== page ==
McMahon: Focusing on office, with no election foe
By Dan Campana For The Beacon-News November 13, 2012 2:58PM
States Attorney press conferance about A 22-year-old Aurora man who has served a decade in prison in an Aurora gang murder will go free. The Kane County state’s attorney Tuesday filed a petition in court seeking to vacate the 2002 murder conviction against Jonathan Moore of Aurora in a 2000 homicide. The court granted the petition. Moore was convicted in the murder of Shawn Miller, 20, of Montgomery, in a shooting in front of a coin laundry in the 0-99 block of Lincoln Avenue in August 2000. He was sentenced to 38 years in prison for the murder, and an additional 37 years for wounding a 17-year-old Chicago man at the scene., March 6, 2012. | Brian Powers~Sun-Times Media
Updated: November 13, 2012 10:11PM
ST. CHARLES — Though he faced no primary or general election opponents, Kane County State’s Attorney Joe McMahon didn’t feel left out of all the fun last week.
“No, not really,” McMahon said with a smile Tuesday at his monthly press briefing.
While taking the drama out of election night, the lack of a challenger has given McMahon a chance to “really just focus on running this office,” he said.
McMahon was appointed as Kane’s top prosecutor in December 2010 after his predecessor, now-Judge John Barsanti, received an appointment to the bench. McMahon heads into his first full term with nearly two years of momentum behind him.
“I never felt like I needed to wait for this election,” McMahon said of improvements he’s brought to the office, as well as initiatives which attempt to quell certain types of crime before they occur.
McMahon cited the expansion of pre-trial diversion to include low-level, first-time drug offenders. Such programs give qualifying defendants an opportunity to avoid a conviction and jail time by following court-imposed rules. Also, the state’s attorney’s office has brought the anti-bullying message — specifically, the consequences of aggressive physical behavior — to children around the county, McMahon said.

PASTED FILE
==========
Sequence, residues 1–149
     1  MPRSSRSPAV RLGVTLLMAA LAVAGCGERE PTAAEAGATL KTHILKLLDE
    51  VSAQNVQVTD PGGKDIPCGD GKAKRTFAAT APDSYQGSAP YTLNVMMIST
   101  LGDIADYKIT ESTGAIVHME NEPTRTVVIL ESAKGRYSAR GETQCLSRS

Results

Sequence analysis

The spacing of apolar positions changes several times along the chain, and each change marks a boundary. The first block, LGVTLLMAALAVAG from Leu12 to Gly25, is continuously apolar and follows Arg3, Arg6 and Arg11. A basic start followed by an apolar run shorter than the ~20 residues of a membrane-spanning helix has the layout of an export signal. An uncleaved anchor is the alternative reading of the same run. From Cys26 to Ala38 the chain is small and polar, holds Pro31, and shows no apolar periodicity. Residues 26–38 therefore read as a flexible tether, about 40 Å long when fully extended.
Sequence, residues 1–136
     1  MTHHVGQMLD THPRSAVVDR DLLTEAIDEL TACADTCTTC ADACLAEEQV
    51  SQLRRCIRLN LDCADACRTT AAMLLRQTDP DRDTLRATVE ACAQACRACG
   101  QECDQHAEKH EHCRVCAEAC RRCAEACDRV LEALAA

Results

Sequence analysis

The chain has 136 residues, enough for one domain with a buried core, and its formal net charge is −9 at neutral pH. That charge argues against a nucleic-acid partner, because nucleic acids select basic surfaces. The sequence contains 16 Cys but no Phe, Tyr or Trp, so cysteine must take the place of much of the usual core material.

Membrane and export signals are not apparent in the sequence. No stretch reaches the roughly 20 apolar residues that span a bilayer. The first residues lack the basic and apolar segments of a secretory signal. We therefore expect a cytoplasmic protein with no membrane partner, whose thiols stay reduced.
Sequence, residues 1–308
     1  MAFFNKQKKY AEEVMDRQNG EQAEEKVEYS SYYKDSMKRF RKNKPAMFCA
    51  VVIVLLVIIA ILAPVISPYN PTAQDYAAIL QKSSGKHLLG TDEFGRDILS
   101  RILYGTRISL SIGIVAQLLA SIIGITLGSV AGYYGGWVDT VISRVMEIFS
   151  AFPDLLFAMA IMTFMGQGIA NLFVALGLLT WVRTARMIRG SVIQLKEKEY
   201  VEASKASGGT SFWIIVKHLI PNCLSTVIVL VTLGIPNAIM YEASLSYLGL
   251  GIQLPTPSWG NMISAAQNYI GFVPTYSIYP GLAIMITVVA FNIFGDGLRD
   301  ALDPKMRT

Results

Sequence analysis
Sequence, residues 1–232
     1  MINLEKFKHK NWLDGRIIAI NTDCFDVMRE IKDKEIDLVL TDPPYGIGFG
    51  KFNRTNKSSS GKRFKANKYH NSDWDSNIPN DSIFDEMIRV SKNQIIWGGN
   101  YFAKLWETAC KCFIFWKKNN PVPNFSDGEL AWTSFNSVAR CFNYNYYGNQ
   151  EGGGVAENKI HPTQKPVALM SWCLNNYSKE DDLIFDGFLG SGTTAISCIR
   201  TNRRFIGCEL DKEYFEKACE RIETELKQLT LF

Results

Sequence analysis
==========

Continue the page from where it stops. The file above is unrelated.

In the areas of drugs, alcohol and domestic violence, McMahon said the office continues to put a focus on prevention instead of simply punishment. One of those programs, the so-called No Refusal Weekend, is a holdover from Barsanti’s time, but continues to nab suspected drunken drivers on targeted nights where offenders must submit to blood-alcohol testing. McMahon said Tuesday that four drivers, including one who registered a .290 BAC, more than three times the legal limit, were arrested on DUI charges during a No Refusal campaign just before Halloween.
McMahon also has eyes on minimizing turnover in his office, which was helped by the county’s decision to increase salaries for assistant state’s attorneys, and continued work on partnerships with local police, the chief judge’s office and community groups.
One major development he expects to happen early in his first elected term is the debut of courtroom cameras in Kane County.
“I expect to see a camera in a courtroom in this building (Kane County Judicial Center) in 2013,” McMahon said.
Despite some early reservations on the concept, McMahon feels rules on camera use, especially in the area of victim safety, will give the public a new avenue for understanding the judicial process while protecting the rights of those involved in cases. He described the rules as establishing camera use that is “minimally invasive” and respectful of the process.
McMahon’s office reported a noticeable drop off in calls to the election complaint hotline on Nov. 6. Assistant State’s Attorney Amy Engerman said 48 calls were logged on Election Day compared to 120 received during the last presidential election in 2008. This year, the majority of the calls related to voter registration questions, the Aurora Election Commission and electioneering. The callers were directed to election officials in many instances, although the 12 assistant state’s attorneys working the hotline helped resolve several issues.